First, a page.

conference on October 4, 2010. However, the October 4 conference did not take place;
although Christina appeared at the conference, she explained that the social study would
be released when she could pay the writer, which she had not done to date, but was then
prepared to do. In any event, Christopher did not appear at the October 4 conference.
When Christopher likewise did not appear at the October 21, 2010 severance hearing, the
court deemed his absence voluntary. His attorney informed the court he did not know
where Christopher was and that he had “no idea [as] to father’s position . . . at this
At the severance hearing, the juvenile court acknowledged it had
considered the social study, which was then before the court, but did not admit it based
on Christopher’s objection on grounds it lacked foundation. Although the author of the
study noted that Christopher had abandoned Terry, she did not opine whether the
severance petition should be granted.
Christopher’s attorney objected to the severance hearing going forward
based on what counsel characterized as a “procedural argument,” an objection the
juvenile court rejected. Christina testified that Christopher had not provided any gifts,
cards, or letters to Terry since Terry had been born; that he recently had begun paying
child support in the amount of $135 per month; that his only contact with Terry had
occurred during the brief period between June and September 2009; and that Terry had
heard a gunshot during a recent visit at Christopher’s home.
On appeal, Christopher contends there is insufficient evidence to support
the juvenile court’s severance order based on abandonment. However, for all of the
reasons discussed above, the record amply supports the court’s findings as set forth in its
minute entry order:
[Christopher] has not had any contact with this child since 0926-09 and [Christopher] is paying a nominal amount of child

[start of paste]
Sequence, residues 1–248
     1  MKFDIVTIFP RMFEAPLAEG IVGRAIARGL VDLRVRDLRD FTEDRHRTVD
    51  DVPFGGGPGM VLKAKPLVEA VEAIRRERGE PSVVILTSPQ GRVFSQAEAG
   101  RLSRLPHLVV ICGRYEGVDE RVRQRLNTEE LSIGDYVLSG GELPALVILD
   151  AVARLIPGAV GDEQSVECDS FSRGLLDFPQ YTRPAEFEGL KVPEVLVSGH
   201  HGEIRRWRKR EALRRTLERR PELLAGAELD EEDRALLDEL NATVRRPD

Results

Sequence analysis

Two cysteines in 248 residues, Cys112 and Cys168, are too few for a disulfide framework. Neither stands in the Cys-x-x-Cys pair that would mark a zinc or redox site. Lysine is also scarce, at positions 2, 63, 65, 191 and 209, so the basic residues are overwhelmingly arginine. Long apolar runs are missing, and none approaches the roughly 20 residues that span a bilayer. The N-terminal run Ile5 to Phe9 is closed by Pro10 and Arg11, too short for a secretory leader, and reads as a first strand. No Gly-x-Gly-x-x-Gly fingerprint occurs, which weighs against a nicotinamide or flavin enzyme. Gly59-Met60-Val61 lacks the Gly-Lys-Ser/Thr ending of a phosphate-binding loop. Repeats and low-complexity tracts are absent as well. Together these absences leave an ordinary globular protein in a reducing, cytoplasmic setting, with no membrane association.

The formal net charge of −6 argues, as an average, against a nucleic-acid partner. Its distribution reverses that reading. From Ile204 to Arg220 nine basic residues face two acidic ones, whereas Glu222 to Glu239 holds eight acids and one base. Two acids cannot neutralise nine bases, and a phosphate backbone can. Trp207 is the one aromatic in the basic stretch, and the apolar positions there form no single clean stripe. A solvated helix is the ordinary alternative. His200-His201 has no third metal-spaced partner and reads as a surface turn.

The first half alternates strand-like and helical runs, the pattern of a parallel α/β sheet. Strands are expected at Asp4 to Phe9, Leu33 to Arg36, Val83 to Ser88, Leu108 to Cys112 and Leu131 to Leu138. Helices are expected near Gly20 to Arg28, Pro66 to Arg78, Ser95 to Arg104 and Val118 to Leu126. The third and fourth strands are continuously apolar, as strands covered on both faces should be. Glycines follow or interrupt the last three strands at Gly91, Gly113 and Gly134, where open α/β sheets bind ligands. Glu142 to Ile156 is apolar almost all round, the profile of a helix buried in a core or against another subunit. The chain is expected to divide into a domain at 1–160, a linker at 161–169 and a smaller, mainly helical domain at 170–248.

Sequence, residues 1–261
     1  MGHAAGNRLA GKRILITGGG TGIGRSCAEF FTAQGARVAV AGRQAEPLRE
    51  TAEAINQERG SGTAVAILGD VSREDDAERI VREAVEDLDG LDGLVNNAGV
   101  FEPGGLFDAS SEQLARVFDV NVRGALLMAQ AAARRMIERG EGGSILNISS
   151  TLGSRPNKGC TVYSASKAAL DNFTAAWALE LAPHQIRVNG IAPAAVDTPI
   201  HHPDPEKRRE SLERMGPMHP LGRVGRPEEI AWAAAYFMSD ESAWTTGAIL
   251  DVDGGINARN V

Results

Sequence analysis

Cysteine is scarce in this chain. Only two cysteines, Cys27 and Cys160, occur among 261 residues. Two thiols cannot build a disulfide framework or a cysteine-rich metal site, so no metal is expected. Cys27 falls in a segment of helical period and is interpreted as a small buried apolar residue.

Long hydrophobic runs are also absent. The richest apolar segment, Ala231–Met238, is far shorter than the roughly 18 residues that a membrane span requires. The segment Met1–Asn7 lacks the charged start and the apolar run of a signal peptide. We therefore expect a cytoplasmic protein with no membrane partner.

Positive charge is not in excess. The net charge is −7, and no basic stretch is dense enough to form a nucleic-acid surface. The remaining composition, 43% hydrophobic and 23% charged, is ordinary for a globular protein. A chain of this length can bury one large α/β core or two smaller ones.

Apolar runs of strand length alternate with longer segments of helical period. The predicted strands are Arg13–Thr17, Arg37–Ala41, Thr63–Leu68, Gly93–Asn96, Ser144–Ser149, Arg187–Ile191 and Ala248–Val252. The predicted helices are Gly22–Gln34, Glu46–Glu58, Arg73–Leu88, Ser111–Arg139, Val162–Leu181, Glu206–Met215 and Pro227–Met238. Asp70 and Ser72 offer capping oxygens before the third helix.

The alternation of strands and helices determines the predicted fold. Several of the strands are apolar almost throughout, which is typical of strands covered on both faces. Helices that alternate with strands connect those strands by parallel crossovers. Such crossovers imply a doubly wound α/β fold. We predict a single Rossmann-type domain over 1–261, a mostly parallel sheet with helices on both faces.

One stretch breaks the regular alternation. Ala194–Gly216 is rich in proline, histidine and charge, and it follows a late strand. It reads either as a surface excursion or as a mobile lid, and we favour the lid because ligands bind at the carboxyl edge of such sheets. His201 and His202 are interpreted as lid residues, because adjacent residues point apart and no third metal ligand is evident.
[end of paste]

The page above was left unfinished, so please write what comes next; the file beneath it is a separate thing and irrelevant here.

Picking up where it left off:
support on a regular basis and has done so since
approximately June 2009 with some except[ions] as he is
behind a couple of months in child support. He has not
provided any gift cards or letters to the child. The Court
notes that [Christopher] has made no efforts to enforce any
contact that could have taken place in the special paternity
action and has failed to assert his legal rights with regard to
Additionally, by characterizing Christina’s uncontroverted testimony, the only testimony
presented to the court, as “unsupported,” Christopher suggests this court reweigh the
evidence. But it is for the juvenile court, as the trier of fact, to weigh the evidence after
determining the credibility and persuasiveness of the witnesses. See Ariz. Dep’t of Econ.
Sec. v. Oscar O., 209 Ariz. 332, ¶ 14, 100 P.3d 943, 947 (App. 2004).
Christopher next argues that, absent the admission of the social study,
“there was a total lack of information regarding best interest.”
determination need only be supported by a preponderance of the evidence.” Bobby G. v.
Ariz. Dep’t of Econ. Sec., 219 Ariz. 506, ¶ 15, 200 P.3d 1003, 1008 (App. 2008).
Contrary to Christopher’s assertion, there was ample evidence to support the juvenile
court’s best interests finding
that it would be detrimental for [Terry] to continue to have
contact with [Christopher], based upon the position stated by